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In an effort to secure a $3 million federal loan to build a neighborhood community center, the City Council this week will consider putting up the Columbia Memorial Space Center as collateral.
Downey applied for the HUD loan in January as a way to construct an 18,000 square foot facility to house the city’s space shuttle replica, which was built by North American Rockwell in 1972.
The shuttle mockup, named Inspiration, currently sits underneath a tent outside the space center.
In its application to HUD, city officials said the Inspiration Neighborhood Center could also house “lesser known” artifacts from Downey’s extensive role in the Apollo and space shuttle programs. It would also provide meeting space for neighborhood residents.
Brian Saeki, community development director for the city of Downey, said it “appears likely that HUD will approve the loan” but on the condition of additional collateral.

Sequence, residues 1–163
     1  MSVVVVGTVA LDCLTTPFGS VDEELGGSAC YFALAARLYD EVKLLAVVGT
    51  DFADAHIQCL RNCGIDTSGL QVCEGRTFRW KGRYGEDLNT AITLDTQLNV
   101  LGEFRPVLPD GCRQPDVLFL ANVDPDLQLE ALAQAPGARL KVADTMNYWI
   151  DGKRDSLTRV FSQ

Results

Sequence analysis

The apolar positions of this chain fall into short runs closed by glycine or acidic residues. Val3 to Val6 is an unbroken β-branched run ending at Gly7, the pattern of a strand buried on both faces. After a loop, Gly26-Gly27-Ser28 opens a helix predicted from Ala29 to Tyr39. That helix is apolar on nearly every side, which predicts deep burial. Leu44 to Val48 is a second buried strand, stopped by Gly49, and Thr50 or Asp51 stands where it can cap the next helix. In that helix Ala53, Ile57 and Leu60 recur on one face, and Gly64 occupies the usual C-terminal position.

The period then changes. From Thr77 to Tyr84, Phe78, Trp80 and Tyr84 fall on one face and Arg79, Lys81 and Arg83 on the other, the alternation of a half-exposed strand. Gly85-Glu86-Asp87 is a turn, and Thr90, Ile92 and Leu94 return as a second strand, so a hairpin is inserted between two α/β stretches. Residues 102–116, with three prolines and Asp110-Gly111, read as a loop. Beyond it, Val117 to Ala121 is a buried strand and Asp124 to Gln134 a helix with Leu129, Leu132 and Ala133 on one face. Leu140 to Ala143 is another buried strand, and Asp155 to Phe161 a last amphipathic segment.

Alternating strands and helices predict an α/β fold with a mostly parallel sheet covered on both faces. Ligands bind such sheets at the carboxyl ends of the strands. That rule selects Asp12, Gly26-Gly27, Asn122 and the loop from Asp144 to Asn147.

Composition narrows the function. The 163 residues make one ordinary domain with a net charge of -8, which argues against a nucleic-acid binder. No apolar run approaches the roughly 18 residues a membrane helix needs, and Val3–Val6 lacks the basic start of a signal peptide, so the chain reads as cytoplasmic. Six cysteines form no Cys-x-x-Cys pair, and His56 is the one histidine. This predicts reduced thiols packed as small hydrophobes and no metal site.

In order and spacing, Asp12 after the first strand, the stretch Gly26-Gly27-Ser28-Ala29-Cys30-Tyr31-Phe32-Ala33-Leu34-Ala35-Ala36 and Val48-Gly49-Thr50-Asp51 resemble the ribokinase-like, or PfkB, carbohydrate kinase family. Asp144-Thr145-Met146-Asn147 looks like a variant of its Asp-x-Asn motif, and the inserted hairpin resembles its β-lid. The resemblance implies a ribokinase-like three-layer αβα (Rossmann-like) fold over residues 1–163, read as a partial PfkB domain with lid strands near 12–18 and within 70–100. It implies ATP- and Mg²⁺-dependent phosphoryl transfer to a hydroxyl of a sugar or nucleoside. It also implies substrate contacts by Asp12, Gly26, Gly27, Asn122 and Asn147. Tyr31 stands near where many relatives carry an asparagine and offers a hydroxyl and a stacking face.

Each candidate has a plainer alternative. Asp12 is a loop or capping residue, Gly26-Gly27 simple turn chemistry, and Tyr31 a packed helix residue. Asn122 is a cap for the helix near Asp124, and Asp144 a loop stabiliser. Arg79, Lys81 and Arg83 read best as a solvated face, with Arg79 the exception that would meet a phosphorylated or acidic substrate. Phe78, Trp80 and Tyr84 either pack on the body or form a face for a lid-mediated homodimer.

“Staff is requesting that the City Council consider pledging the land improvements at 12400 Columbia Way as the source of collateral for the HUD loan,” Saeki wrote in a report to council members.
The interest rate is expected to be about 2.54 percent on the 20-year loan. Downey officials are proposing to pay down the interest in years 1-4, followed by 15 annual payments of $187,500 to cover the principal.
The debt would be paid using federal Community Development Block Grant (CDBG) money, which has historically been used to help fund social programs and reduce blight in low- to moderate-income neighborhoods.
CDBG funding, however, has been reduced by the federal government over the last several years, including a recent $400,000 cut, from $1.5 million in 2011 to $1.1 million last year. If the program is eliminated entirely, the city would have to find another way to pay down the debt, and “this could include using general fund dollars if no other funding source can be identified,” Saeki said in January.